- Native Son, Richard Wright (Novel, 1940)
- Hollywood Babylon, Kenneth Anger (‘Non-Fiction,’ 1959)
- Twenty Four Poems of Marina Tsvetaeva, Marina Tsvetaeva (Poetry, 2010)
- The Edible Woman, Margaret Atwood (Novel, 1969)
[Spoilers for The Edible Woman by Margaret Atwood]
“I realized Peter was trying to destroy me.”
Marian starts the novel passive: she is in a relationship with Peter, it seems, simply because she doesn’t have anything better to do. The relationship itself seems fragile. Marian references how to talk, what to talk about, how to let Peter feel a sense of control over her, because he’s volatile: he could get upset, he could dump her at any minute. Yet one gets the sense that she wouldn’t be worse for the wear should the relationship break apart. It’s a passive relationship in all ways: Marian seems to not really care about the dull and/or comfortingly conventional Peter, and Peter in the end proposes to her after his last single friend gets married, seemingly assimilating to married life once his single life becomes empty.
After the engagement, Marian starts to have problems with food, escalating until she can’t eat anything. Peter hosts a party, she runs away from it to be with Duncan, a self-absorbed grad student who treats her with alternating affection and cruelty, and ultimately uses her as he needs, thinking never of her needs. But he isn’t dull, and he isn’t conventional. Contrasting with the many scenes of Peter devouring meals, meats in particular, Duncan is deathly thin, and his sickly physique and young appearance are referenced frequently. But although he’s not seen eating steaks with pleasure, he does eat constantly, in an almost birdlike manner. He eats chocolate bars and seeds, saying he uses them to stop smoking. After the night he spends with Marian, he devours voraciously his eggs and ham. And one of his roommates cooks well, taking care of him. If Peter wants to consume Marian, Duncan wants to be healed by her. He states he doesn’t want to be “rescued” by her, but in her mind she thinks of herself as nurse-like with him. He is controlling in a different way than Peter. Peter is controlling like your stereotypical 1950s husband who expects you to serve him and be an ornament for him. Duncan is controlling like a sick baby who needs your attention, draining your energy.
By the end of the book, Marian bakes a cake shaped like a woman, and serves it to Peter, expecting him to consume her: this is her cake substitute that he can eat instead of consuming the real Marian. But Peter is shocked and leaves quickly. Marian eats the cake herself. Detached from Peter she is able to eat again and consumes her own self, becoming herself once again rather than the detached figure of Peter’s fiancée or Peter’s wife. She is Marian’s Marian.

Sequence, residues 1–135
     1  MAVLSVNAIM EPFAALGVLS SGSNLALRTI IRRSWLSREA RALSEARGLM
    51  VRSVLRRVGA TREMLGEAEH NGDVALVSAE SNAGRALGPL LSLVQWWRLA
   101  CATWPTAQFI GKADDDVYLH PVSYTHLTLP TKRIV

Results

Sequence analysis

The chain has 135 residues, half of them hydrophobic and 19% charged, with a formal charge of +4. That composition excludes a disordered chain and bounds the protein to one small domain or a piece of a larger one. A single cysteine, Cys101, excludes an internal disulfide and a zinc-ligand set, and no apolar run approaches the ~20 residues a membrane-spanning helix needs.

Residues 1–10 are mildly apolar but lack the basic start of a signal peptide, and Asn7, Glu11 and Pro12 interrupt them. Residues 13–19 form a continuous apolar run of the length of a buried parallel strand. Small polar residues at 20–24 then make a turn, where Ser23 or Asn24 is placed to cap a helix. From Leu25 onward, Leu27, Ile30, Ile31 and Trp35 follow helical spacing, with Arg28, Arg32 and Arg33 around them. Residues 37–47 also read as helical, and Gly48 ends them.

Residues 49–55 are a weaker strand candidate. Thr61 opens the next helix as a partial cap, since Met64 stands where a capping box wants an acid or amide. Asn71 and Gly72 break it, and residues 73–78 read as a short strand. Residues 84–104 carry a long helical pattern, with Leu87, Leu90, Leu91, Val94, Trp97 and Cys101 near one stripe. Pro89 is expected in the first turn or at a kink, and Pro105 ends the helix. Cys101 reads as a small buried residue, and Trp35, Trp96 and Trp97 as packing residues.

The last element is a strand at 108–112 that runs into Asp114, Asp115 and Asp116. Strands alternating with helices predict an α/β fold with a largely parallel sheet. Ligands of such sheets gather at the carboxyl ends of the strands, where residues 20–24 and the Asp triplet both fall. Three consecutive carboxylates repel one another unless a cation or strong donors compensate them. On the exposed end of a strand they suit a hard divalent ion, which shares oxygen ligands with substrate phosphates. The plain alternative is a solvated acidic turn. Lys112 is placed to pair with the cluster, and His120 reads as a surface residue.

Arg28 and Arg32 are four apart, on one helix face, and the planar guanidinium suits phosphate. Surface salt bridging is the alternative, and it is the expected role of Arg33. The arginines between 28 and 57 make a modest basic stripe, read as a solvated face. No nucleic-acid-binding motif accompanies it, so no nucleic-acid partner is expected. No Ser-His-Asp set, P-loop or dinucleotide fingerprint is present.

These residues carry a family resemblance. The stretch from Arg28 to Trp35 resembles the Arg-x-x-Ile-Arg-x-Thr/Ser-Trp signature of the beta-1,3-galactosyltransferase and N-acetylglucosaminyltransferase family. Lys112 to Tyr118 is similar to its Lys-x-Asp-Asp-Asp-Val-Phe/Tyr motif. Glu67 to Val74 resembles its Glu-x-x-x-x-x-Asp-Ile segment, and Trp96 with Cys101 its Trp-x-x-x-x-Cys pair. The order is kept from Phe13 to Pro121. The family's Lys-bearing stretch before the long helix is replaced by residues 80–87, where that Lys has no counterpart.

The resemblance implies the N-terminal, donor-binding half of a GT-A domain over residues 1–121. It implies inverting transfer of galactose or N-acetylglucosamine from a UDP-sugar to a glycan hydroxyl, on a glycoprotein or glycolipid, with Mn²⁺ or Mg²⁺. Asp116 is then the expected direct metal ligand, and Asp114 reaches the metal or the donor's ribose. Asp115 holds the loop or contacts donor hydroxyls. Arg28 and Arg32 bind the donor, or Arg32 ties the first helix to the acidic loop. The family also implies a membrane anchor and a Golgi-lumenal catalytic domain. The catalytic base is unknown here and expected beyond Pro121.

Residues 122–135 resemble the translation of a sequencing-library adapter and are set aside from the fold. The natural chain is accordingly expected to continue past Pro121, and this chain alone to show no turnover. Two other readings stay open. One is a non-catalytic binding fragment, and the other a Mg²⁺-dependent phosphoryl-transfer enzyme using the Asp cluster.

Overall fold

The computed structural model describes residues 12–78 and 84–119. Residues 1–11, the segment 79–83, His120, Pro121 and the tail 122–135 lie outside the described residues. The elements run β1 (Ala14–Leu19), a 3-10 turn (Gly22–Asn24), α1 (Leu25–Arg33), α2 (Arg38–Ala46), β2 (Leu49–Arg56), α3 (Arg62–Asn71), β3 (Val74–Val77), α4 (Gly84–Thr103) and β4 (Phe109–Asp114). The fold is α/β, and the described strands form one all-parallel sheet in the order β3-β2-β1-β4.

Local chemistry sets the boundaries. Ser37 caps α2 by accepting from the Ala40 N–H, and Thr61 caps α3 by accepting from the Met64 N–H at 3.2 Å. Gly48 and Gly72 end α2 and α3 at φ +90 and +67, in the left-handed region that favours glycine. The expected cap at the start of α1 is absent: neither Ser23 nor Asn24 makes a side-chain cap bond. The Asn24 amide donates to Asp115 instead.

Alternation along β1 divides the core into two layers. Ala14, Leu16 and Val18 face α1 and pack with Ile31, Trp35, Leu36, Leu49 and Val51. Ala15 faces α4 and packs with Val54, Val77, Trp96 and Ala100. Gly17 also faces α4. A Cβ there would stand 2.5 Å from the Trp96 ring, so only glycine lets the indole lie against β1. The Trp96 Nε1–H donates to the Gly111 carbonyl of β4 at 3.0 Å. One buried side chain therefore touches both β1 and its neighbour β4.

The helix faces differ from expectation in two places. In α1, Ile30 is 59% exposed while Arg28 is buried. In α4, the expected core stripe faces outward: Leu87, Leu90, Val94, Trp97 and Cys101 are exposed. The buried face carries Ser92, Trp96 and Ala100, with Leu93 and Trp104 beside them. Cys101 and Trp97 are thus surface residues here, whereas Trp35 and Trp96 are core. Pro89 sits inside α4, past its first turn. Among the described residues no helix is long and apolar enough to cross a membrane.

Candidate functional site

After Peter leaves, Duncan calls Marian, distraught. One of his two roommates (whom he considers as parents who take care of him) has married Marian’s roommate and left. Duncan is now in a “broken home” as though his parents have divorced. He needs Marian. She invites him over, and displays the same indifference to his problems as he showed for her problems earlier, something that disturbs him. She tries to care, but is disinterested, thinking of other things and people. She then offers him the remainder of the cake, which he accepts and eats.
Peter, who was trying to assimilate Marian into himself and his conventional life, attempting to consume her, refused to consume her cake-self and left. Her protest of his consuming her, and actualization of it, is too shocking for him and he cannot accept it. Duncan, however, eats the cake. Without any noticeable pleasure, quickly and concentratedly; in other words, his eating the cake is self-contained, perhaps even self-absorbed: there is no performative aspect to show Marian that he enjoys her cake or the labour that went into making it, it is pure consumption for his own needs. Though Duncan, to Marian, was an escape from Peter, he is essentially no different. He also wants to consume her. But where Peter balked at the accusation, Duncan doesn’t notice or care: he knows he is consuming her in his way (being a manchild who doesn’t care for her but demands her to be at his beck and call), and he doesn’t care who else knows this. He is completely content with his consumption of her. And so Duncan represents simply a different kind of man in the world of heterosexual relations. Peter is more well know: the conventional husband who demands an obedient wife. Duncan, the grad student, the English major, the museum-goer, quirky and interesting, especially in Marian’s dull, conventional life, seems miles away from Peter. But really, they’re all men, consuming women in one way or another.